Visualization is the easy part of mental toughness preparation. The other key component of mental toughness is to push yourself physically. Pushing yourself beyond what you thought you were physically capable of doing molds your brain to believe that you are capable of more! I can’t think of a scenario much better to describe this than one of Michigan Softball’s conditioning days. Our team was split into teams of classes-freshmen, sophomores, juniors, and seniors. We had a series of conditioning events where time or repetitions would be tallied. One event was the wall-sit. The time we lasted on the wall sit would be removed from the total time tallied from all the other events. The winning team would have the lowest time tallied.

The seniors, the first in rotation for the wall sit, lasted, on average, around 2.5 minutes. The next class, the freshmen, lasted a bit longer, around 4 minutes. The sophomores-even a bit longer, around 5 or 6 minutes. My class, the junior class, got together prior to the wall sit and agreed to try to push our wall sit to negate our mile time. In other words, our goal was to average around 7.5 minutes on the wall sit. Most of us made it, but that wasn’t what was amazing about the test. Our catcher sat for a total of 11 minutes and 32 seconds!

Where the seniors felt mentally that a 2.5 minute wall sit was difficult, and that it wasn’t possible to overcome the pain and burning, our catcher took note and overcame that physical pain by blocking it out mentally-by having a goal greater than the pain of a wall sit! Not one single player thought anyone would be capable of sustaining that length of time. It was our “aha” moment for the 2005 National Championship Season-just because you’re tired, fatigued, and mentally drained, you have to trust and believe that there is more in your tank-you have to go beyond what your brain thinks you’re capable of-and as long as you continually push that limit and believe you can do more, you will be more successful than you ever imagined!

Jennie Ritter Jennie Ritter is an American former All-American right-handed softball pitcher from Dexter, Michigan. She is a Women’s College Series National Champion withe Michigan Wolverines, whom she played for from 2003-2006.

Jennie played on the USA National Team for 3 years. She also played in Japan.


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Driving With That Derriere

By Charity Butler

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Driving With That Derriere

One key to maximizing power at the plate is loading to our Back Side (not to be confused with the “backside”). Booty, bum, buns, fanny, behind, glutes, buttox, derriere etc. are all typical interpretations of the term backside, but as hitters we want to max1m1ze our power by understanding the importance of the Back Side. The Back Side when hitting may seem a little, well, twisted. The half of our body closest to the catcher while in the hitter’s box is our Back Side (right side for right-handed hitters and left side for left-handed hitters). The Back Side has nothing to do with the anterior (front) or posterior (back) sides of the body but everything to do with our body relative to the playing field.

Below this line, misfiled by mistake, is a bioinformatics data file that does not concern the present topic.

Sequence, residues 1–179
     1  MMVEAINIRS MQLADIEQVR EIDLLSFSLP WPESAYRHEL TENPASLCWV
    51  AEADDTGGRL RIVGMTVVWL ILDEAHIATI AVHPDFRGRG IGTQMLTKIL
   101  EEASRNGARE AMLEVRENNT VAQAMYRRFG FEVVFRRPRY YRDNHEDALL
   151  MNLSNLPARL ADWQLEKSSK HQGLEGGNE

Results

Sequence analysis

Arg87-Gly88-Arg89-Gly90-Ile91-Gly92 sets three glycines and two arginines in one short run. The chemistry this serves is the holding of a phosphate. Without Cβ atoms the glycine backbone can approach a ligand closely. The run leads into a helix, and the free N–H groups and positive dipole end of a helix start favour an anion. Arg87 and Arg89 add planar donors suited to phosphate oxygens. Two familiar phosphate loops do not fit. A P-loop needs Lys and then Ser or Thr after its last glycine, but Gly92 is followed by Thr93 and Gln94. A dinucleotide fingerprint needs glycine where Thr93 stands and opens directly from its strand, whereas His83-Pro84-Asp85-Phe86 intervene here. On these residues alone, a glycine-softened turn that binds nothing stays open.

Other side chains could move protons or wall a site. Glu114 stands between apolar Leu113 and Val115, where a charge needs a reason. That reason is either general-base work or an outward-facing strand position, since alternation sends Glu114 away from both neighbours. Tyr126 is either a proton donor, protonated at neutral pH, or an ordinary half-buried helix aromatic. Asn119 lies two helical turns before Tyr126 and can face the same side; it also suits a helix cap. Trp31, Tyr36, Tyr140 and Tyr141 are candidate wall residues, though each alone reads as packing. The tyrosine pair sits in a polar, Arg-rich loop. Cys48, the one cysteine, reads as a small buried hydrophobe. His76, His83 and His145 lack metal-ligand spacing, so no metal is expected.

As hitters, when we understand how to most effectively utilize our Back Side, we can increase both power and consistency. When beginning our swing, we want to “load”. I like to think of loading as similar to shooting a bow and arrow. When shooting a bow, we insert the arrow, pull the bow string back and then let it fly, right? What if I insert the arrow, barely pull the bow string and let go? That seems crazy because we would simply shoot a dud of an arrow!

Trying to hit without loading is almost as ludicrous as attempting to shoot a bow and arrow while barely moving the bow string. When shooting the bow, pulling back hard on the bow string creates what scientists call potential energy. Potential energy is energy that is stored up but not yet moving. Just as pulling back the bow string creates potential energy waiting to be released through the arrow, loading before we start forward in our swing stores up potential energy and power that will be released as we explode through the ball.

Loading in the box means shifting weight to our Back Side (right or left toward the catcher, not the conventional thought of front verses back). As hitters, we want to load toward the catcher in order to explode through the ball. Exploding to contact is like releasing the bow string and igniting all its stored power/energy.

Some hitters do not load much at all, while others may load completely out of control and off balance. A strong, balanced load is essential to maximizing both power and consistency as hitters.